This week's HND piece takes a look at the big lie that it is the continually-debunked (but never officially abandoned) saturated fat/cholesterol theory of heart disease.
It would be bad enough that the entire theory is derived from studies nearly a century old that either fed ridiculous amounts of cholesterol or actual meat products to rabbits. The rabbits were harmed by this, of course, but that should hardly be much of a surprise, since rabbits do not eat meat nor have much (if any) cholesterol in their normal diets.
But the real killer is the fraudulent nature of the big study that supposedly proved the theory. The (in)famous Seven Countries Study of Prof. Ancel Keys, has that name since even though he had access to diet, cholesterol, and heart disease data in 22 countries, he ignored all but those seven countries that proved his fat/cholesterol/heart disease theory. Moreover, within the seven countries that he did analyze, his methodology would not pass muster in a junior high school science fair.
For this incredible junk science, he was featured on the cover of Time magazine (13 January 1961), and his work is still honored by many who should—and probably do—know better. Please note that there are literally dozens of large studies that absolutely destroy the cholesterol theory.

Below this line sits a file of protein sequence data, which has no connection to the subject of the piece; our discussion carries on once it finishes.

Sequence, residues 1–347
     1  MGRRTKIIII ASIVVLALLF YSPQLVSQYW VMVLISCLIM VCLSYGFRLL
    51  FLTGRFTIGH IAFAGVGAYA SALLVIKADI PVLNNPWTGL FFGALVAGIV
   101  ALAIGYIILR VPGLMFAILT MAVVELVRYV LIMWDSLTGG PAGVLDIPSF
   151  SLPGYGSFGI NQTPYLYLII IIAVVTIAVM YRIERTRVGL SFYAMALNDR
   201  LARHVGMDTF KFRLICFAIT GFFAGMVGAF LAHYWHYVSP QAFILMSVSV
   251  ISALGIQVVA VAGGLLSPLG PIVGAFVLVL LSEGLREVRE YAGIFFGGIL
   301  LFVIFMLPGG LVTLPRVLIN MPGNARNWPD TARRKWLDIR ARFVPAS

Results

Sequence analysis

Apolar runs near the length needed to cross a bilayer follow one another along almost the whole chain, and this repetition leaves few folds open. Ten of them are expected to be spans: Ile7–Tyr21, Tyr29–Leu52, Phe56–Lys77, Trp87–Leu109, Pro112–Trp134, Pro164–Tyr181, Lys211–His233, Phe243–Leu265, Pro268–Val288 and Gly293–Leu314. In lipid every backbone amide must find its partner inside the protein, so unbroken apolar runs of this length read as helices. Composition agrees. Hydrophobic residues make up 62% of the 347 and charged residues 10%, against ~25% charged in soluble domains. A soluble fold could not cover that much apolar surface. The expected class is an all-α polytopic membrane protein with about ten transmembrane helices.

Malcolm Kendrick, MD, among others, has tried to put the stake through the heart of this meme, but has also noted that:
The cholesterol hypothesis is, perhaps, the greatest ever example of a medical hypothesis that has become too powerful to die. Too many vested interests are intertwined with it. World famous experts would look incredibly stupid if the hypothesis were to be accepted to be wrong. An entire industry of cholesterol lowering would fall apart. Hundreds of billions of dollars of statin sales are at stake. Worse, much worse, the medical profession would end up with a few million eggs on its face. Perish the thought. Much better that millions die, surely.
In fact, I have come to realize that there is, literally, no evidence that can dent the cholesterol hypothesis. Believe me, I have had a good go.
Kendrick may be right, as far as "official" recognition goes. But then, readers of this blog don't care much for conventional wisdom. After all, Robert J. Samuelson is hardly the first person to notice that the conventional wisdom is nearly always wrong.
Read the complete article.